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The 8 Best Isometric Exercises To Prevent Injury And Get Stronger

Cardio may get you fit, but to stay off the bench, you need strength and stability. Start here, with these isometric moves.

Originally Published: 
A man sitting down in workout clothing after doing isomectric exercises
Ariela Basson/Fatherly; Getty Images

Maybe it was during mile 8 of your Sunday long run when your calf totally gave out. Or maybe you were shooting hoops when you felt a pop in your hamstring. Whatever the circumstance, you likely cursed yourself for not stretching more. Except, that’s not necessarily why you got hurt. Despite athletic lore, stretching is not the cure-all for sports injuries. It might help you limber up in the morning and ease back pain, but preventing injuries? Not so much. If you’re looking for an honest to God cure-all, instead turn to isometric strength training.

If you’ve never heard of it, here’s the quick version: Isometric exercises are moves you perform without, well, moving. Planks are a quintessential isometric exercise. So are wall sits and vertical hangs. “Isometric exercises force you to hold your body in a fixed position for a period of time,” explains Adam Rosante, a personal trainer in New York City. “That can be done with bodyweight alone or with equipment like weights and bands.”

Isometric moves are one of three ways a muscle contracts. The other two include concentric moves, which shorten your muscle fibers, and eccentric moves, which lengthen your muscle. “When you think about the three phases of a muscular contraction, the isometric is sort of the intermediary between them,” he says. “If you can train your muscles to handle the sudden change in contractions, you can help prevent injury.”

The beauty of isometric moves is that research shows they build strength and stability in your body — key for avoiding injury when you’re playing your sport. Because the moves are static, they, too, are a low risk for injury.

So, how to get started? “A good plan is to pick one upper body, one lower body, and one core exercise, then program then into your weekly workouts,” says Rosante. Because of the nature of these moves (i.e., they’re static) you’ll be going for time here, not reps.

The 8 Best Isometric Exercises

The Move: Reverse Lunge

Targets: Quads, glutes, hamstrings, and transverse abdominis

How to: Stand with feet shoulder-width apart. Step backward with your right foot and bend right knee, lowering into a reverse lunge. Hold for 30 seconds (or as long as you can), contracting your muscles. Relax and repeat. Try to meet or beat your time next time.

The Move: Isometric Squat

Targets: Glutes, quads, hamstrings

How to: Stand with feet slightly wider than hip-width apart, toes slightly turned out. Lower into a squat, knees over toes, and hold for 30 to 60 seconds.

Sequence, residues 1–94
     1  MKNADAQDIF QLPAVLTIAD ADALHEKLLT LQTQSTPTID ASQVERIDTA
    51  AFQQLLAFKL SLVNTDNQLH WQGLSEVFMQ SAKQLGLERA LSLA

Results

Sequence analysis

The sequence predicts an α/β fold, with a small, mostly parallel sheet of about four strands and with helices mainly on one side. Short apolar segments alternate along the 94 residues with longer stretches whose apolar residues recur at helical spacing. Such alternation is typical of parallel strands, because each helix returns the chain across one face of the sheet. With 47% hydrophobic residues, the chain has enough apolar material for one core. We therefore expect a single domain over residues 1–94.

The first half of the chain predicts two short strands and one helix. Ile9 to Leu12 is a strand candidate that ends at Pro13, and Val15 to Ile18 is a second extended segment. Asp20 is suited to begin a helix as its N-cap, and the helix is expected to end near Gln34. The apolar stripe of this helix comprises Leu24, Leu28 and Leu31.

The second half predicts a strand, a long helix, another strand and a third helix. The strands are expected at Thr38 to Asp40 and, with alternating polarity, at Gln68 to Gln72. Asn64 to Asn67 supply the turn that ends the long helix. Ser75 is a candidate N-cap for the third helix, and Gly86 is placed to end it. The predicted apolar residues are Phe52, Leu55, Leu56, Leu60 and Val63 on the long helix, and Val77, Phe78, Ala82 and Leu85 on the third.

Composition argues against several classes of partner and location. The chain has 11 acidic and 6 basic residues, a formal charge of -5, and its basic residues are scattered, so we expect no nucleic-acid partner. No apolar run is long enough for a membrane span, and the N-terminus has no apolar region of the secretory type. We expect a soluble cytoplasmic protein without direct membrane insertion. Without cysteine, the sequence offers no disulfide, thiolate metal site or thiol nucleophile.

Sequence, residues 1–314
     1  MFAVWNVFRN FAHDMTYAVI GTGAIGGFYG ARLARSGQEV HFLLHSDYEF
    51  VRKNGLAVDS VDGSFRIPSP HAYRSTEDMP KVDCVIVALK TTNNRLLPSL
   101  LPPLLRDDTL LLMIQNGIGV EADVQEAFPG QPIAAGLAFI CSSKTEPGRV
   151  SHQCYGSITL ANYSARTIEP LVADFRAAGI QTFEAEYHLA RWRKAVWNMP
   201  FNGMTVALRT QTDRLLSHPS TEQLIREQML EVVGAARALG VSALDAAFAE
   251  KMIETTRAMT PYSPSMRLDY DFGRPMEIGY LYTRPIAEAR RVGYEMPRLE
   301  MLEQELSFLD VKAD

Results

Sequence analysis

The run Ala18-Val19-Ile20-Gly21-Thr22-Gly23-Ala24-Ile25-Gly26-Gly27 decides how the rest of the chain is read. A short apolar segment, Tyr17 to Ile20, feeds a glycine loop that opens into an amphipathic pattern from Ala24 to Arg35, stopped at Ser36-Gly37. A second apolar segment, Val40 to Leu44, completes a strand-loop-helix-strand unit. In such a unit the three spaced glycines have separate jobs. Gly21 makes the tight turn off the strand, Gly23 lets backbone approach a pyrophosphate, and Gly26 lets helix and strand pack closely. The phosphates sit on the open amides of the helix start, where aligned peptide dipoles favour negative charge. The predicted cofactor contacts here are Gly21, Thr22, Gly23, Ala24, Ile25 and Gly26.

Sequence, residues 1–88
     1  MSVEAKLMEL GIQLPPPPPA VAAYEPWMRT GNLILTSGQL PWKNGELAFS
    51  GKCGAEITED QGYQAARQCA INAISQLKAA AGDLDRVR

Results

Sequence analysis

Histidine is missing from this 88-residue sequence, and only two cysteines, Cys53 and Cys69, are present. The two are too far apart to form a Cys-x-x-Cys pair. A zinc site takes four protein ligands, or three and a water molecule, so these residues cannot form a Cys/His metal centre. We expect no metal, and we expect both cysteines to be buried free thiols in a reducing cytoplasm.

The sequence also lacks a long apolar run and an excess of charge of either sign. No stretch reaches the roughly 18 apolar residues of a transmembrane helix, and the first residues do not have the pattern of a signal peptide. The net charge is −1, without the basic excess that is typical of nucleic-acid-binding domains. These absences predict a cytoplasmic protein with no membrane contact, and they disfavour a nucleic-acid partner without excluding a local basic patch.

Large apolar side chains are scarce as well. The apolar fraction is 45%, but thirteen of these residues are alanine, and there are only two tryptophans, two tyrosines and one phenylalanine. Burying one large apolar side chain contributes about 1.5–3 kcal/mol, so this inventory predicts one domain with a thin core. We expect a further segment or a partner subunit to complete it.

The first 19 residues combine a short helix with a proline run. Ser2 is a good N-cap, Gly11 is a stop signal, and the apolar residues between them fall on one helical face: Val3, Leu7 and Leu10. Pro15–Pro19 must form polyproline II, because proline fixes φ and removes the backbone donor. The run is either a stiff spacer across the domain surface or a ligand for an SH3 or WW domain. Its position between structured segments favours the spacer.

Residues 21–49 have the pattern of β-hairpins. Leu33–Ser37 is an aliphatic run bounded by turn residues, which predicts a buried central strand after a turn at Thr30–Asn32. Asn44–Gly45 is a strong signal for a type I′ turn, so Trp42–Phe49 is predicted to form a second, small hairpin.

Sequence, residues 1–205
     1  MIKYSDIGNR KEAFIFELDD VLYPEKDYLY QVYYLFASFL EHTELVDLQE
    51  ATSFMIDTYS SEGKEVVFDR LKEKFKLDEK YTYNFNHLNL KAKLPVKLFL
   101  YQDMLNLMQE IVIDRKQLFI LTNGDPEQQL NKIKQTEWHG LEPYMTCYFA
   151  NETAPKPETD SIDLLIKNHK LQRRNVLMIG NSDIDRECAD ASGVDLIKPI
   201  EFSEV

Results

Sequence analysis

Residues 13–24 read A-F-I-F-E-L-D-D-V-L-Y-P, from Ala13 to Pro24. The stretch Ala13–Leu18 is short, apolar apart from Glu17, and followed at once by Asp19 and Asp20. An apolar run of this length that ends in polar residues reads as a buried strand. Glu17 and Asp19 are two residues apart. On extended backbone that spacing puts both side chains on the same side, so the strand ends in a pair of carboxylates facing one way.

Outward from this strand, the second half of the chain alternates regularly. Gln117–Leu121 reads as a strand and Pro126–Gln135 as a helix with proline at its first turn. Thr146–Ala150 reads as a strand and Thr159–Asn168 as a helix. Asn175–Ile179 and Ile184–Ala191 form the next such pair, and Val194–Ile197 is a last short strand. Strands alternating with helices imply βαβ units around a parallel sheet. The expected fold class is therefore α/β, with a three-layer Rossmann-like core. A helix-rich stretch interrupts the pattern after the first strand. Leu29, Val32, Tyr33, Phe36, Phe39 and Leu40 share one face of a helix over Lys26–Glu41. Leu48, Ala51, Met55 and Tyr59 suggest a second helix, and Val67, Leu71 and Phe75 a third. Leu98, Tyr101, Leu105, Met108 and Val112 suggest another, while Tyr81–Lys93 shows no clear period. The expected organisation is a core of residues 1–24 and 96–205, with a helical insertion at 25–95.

The Move: Wall Sit

Targets: Quads

How to: Stand about a foot away from a wall, back to the wall. Lean back until your back comes in contact with the wall. Keeping your spine pressed flat against the wall, bend your knees and lower until quads are parallel to the floor, knees are over toes, and you are in a sitting position. Hold 30 to 60 seconds.

The Move: Dumbbell Bench Press

Targets: Pecs, shoulders, triceps, and transverse abdominis

How to: Start lying back on a bench, dumbbell in either hand. Extend arms, then bend elbows and lower dumbbells to just above your chest. Hold for 3 seconds, maintaining a tight contraction in your arms, chest, shoulders, and abs. Press back up explosively to start.

The Move: Isometric Push-up

Targets: Pecs, shoulders, triceps, and transverse abdominis

How to: Start in an extended plank position. Bend elbows and lower your body until your chest hovers above the floor. Hold for 5 seconds. Press back up. Repeat.

The Move: Dead Hang

Targets: Triceps, lats

How to: Stand below a pull-up bar. Reach up with an overhand grip and grab the bar, lifting your feet off the floor. Hang as long as you can (aim for 30 seconds).

The Move: YWT Hold

Targets: Traps, lats, rhomboids, backs of shoulders and erector spinae

How to: Lie facedown with arms extended in a Y. Squeeze your upper back muscles and raise your arms up off the floor. Hold for 20 to 30 seconds. Bend elbows and bring them in toward your torso to form a W. Hold for 20 to 30 more seconds. Extend arms out to the sides to form a T. Hold for another 20 to 30 seconds.

The Move: Plank

Targets: Full body

How to: Start on all fours. Lower yourself to your elbows and stretch your legs out behind you, forming a long line from your head to your feet. The key is maintaining tension in your entire body. Brace like you’re anticipating something running into you. Once you can hold with that level of tension for 90 seconds, take one limb off the ground.

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